[Review] Burnout Paradise Remastered
Posted on June 20, 2020 by Campbell(@CampbellSGill) in Reviews, Switch
Release date: June 19, 2020
Developer: Criterion Games / Stellar Entertainment
Publisher: Electronic Arts
Early on, Burnout Paradise Remastered tells you that this game will be “unlike any driving experience you’ve ever had.” Although many people already have experienced this exact same driving adventure in the years since its original release on last-gen consoles in 2008, it is nonetheless just as fun as ever. This remaster promises to bundle all of that version’s extra content and DLC into one polished package that features improved visuals and performance, and after releasing on other platforms a few years back, it’s finally made it to Switch. The release on Nintendo’s console might have a few drawbacks of its own, but it preserves all the simple joy of the original game with pristine performance in portable and docked play.
Burnout Paradise Remastered is an arcade experience through and through. It’s an open world racer with few overarching objectives – you’re free to explore the streets of Paradise City however you like, zooming at high speeds and gleefully breaking traffic laws and wreaking havoc as you go. There is little by way of an overarching goal, except completing missions across the city to get marks on your license. With every race, time trial, or combo challenge you complete, the more your license rank improves, and the higher you rank, the more cars get added to your garage.
It’s a simple progression scheme, but a highly effective one. It’s extremely addictive to just race around the world and discover all that it has to offer. The game rewards flashy or daring driving by filling up your boost meter, which can make you go even faster for short periods of time and can make all the difference in a neck-and-neck race. If you just barely miss an oncoming car, or drive in the opposite lane for an extended period of time, or cause extensive damage to roadside property, you can increase your boost meter. This mechanic encourages you to make the most of Burnout Paradise’s smooth and responsive controls to make the most daring and bold moves that you can.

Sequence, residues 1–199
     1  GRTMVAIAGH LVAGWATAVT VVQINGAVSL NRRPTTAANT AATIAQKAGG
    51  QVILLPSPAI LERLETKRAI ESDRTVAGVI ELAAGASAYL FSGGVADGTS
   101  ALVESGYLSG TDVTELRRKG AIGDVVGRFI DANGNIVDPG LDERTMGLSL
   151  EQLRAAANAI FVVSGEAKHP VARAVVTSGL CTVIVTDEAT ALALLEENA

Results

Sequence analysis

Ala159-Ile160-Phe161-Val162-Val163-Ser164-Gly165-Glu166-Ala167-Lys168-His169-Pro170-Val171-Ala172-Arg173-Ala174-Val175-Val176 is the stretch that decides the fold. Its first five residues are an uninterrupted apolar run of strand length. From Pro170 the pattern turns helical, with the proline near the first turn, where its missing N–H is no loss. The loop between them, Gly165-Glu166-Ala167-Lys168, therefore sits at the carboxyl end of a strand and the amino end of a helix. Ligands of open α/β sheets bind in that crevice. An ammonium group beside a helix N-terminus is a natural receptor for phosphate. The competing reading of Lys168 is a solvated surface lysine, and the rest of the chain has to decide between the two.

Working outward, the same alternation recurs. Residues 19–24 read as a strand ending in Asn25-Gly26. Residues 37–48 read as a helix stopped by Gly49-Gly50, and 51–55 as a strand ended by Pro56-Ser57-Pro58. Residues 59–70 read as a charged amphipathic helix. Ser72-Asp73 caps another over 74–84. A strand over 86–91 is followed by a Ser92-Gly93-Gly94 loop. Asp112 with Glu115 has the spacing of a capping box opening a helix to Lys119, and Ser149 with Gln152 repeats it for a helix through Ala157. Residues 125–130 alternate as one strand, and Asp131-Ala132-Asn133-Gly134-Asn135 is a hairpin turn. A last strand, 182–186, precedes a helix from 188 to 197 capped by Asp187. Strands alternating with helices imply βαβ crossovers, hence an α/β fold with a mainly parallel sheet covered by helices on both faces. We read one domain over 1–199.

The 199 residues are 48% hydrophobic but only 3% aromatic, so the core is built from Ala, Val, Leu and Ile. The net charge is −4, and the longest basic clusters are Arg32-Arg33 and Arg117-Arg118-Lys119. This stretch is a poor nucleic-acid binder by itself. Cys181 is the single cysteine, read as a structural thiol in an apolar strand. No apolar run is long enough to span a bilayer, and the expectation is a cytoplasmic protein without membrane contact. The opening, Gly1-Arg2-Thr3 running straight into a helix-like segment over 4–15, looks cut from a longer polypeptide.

There’s lots to do in Paradise City beyond the main license rank challenges. There are viewpoints to discover, hidden routes to race through, and billboards and fences to smash in. And there are very few penalties for mistakes as well: if you get into a massive crash (as is extremely easy to do when you’re flooring it and driving into oncoming traffic), you simply respawn at a nearby site a few seconds later without a scratch. This means you can zip across the streets with reckless abandon and have little fear of negative consequences, making for a blissfully freeing arcade experience. Burnout Paradise Remastered might not have much overarching structure, but that means that it lets you focus 100% of your attention on chasing its many opportunities for high-speed thrills.